A national scheme that would see the government co-purchase property with a first-home buyer could solve Australia’s declining homeownership rate.
Brendan Coates (Grattan Institute economist policy chief) suggested that a national Equity Scheme could allow younger buyers to enter the housing market quicker.
“A national shared equity scheme would help level the playing field for first home buyers and arrest the decline in home ownership among poorer Australians of all ages,” Mr Coates said.
What is the purpose of a national equity programme?
Under Mr Coates’ proposal, first-home buyers would apply for the scheme that would essentially let the National Housing Finance and Investment Corporation (NHFIC) co-purchase up to 30% of the homes value.
If they don’t have a minimum deposit of 5%, first-home buyers will need funds borrowed from a private lender.
The government will receive the proceeds of any sale if the buyer decides not to buy the house.
A buyer could also purchase the government’s stake in increments up to 5% at current market prices.
“Consistent with longstanding state schemes, the NHFIC would not charge rent or interest to participants,” Mr Coates said.
“However, purchasers would be required to cover all costs associated with buying or selling a home, such as conveyancing and stamp duty, as well as ongoing costs such as council rates and maintenance.”
What are the most important requirements for a national equity program?
Mr. Coates said that the scheme should be off to a great start, with 5,000-per year trial slots in the first three years.
“Existing state schemes are typically small, and often limited to public housing tenants or to purchasing homes solely from government-run developers,” he said.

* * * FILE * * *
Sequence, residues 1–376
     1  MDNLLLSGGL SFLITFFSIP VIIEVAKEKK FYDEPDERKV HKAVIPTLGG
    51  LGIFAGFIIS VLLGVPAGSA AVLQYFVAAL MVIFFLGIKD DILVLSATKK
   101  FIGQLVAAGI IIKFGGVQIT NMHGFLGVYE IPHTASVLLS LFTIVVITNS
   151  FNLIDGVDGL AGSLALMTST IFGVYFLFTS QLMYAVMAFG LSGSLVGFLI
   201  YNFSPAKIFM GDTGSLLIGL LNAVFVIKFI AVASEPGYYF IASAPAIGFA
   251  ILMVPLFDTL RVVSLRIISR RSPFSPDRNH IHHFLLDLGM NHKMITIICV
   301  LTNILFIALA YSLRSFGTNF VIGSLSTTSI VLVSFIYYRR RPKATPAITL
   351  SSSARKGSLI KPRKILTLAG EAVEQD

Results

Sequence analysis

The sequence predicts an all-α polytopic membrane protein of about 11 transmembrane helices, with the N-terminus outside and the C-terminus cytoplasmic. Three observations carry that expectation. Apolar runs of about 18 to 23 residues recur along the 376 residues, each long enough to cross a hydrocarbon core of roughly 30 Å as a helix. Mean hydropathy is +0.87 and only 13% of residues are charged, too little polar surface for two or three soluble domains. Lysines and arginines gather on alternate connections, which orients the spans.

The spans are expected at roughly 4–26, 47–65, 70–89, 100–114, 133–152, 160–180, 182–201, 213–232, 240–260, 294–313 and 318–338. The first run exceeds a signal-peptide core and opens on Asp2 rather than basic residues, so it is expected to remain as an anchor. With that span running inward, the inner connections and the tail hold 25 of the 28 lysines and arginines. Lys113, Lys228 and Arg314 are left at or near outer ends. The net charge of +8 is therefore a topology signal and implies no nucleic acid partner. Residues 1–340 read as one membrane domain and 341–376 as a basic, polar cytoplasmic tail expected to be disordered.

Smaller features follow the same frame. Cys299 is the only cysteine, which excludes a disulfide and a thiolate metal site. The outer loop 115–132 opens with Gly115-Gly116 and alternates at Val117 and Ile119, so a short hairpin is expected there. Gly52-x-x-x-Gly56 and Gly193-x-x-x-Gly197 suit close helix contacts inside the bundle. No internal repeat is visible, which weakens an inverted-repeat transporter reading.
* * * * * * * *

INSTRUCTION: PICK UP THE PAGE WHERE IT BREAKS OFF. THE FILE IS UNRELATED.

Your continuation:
Only individuals who buy their primary residence would be eligible for the proposed scheme.
An income threshold should also be set — below $60,000 for single homebuyers and a combined income of below $90,000 for couples.
Also, a regional price cap would be in effect to limit participants from buying homes that are less than the median price for their area or city.
The Victorian Homebuyer Fund was launched in Victoria late last year. Victoria can take on up to 25% of a home loan’s cost and exchange it for equal equity.
A national equity program might be able to increase house prices.
Mr Coates claims that the scheme could cause higher house prices as a result of increased demand.
This scheme is targeted at low-income Australians so the impact is less.
“Capping the scheme at 5,000 places a year in the early years would limit any short-term impacts,” Mr Coates said.
“But even if the scheme were to eventually offer 10,000 shared equity loans a year, with each buyer purchasing a $500,000 home on average, the scheme would add at most $40bn to housing demand in a $9tn housing market, and probably a lot less.”
This scheme would be a good fit for the federal government.
The scheme will be expensive for the federal government in the short-term as it has to pay interest on additional government debt.
However, Mr Coates believes that a national shared equity scheme would likely be “budget positive” in the long run, especially if nominal house prices rise faster than the interest rate on government debt to finance the purchases.
An example of this is Western Australia’s Keystart scheme, which has churned in profits for the state.
“Helping lower-income borrowers to enter the housing market, with as little as a 5 per cent deposit, could result in more bad debts in future — but existing shared equity schemes report low rates of non-performing loans, even when house prices have fallen,” Mr Coates said.
“Even if the federal and state governments make the hard choices to improve housing affordability by lifting supply and reducing demand, house prices are likely to remain much higher, relative to incomes, than they have been over most of Australia’s history.
“Falling home ownership is a big problem for Australia — a national shared equity scheme would help keep the dream of home ownership alive for many Australians.”